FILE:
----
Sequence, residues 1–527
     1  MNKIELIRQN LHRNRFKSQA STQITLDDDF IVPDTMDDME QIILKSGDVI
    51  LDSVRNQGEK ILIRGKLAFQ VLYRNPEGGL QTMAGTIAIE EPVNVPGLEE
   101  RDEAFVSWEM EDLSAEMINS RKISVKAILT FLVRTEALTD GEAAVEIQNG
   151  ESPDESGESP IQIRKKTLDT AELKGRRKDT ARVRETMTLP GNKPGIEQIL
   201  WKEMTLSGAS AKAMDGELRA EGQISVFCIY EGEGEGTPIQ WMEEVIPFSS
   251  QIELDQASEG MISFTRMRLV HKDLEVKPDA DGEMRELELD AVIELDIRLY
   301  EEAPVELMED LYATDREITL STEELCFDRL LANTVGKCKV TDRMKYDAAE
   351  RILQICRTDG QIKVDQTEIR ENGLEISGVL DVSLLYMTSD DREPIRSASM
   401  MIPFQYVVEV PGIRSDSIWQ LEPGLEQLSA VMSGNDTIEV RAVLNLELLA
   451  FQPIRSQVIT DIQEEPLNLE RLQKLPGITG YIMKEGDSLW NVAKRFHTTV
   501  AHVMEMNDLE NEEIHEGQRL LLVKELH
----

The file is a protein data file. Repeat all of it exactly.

Sequence, residues 1–527
     1  MNKIELIRQN LHRNRFKSQA STQITLDDDF IVPDTMDDME QIILKSGDVI
    51  LDSVRNQGEK ILIRGKLAFQ VLYRNPEGGL QTMAGTIAIE EPVNVPGLEE
   101  RDEAFVSWEM EDLSAEMINS RKISVKAILT FLVRTEALTD GEAAVEIQNG
   151  ESPDESGESP IQIRKKTLDT AELKGRRKDT ARVRETMTLP GNKPGIEQIL
   201  WKEMTLSGAS AKAMDGELRA EGQISVFCIY EGEGEGTPIQ WMEEVIPFSS
   251  QIELDQASEG MISFTRMRLV HKDLEVKPDA DGEMRELELD AVIELDIRLY
   301  EEAPVELMED LYATDREITL STEELCFDRL LANTVGKCKV TDRMKYDAAE
   351  RILQICRTDG QIKVDQTEIR ENGLEISGVL DVSLLYMTSD DREPIRSASM
   401  MIPFQYVVEV PGIRSDSIWQ LEPGLEQLSA VMSGNDTIEV RAVLNLELLA
   451  FQPIRSQVIT DIQEEPLNLE RLQKLPGITG YIMKEGDSLW NVAKRFHTTV
   501  AHVMEMNDLE NEEIHEGQRL LLVKELH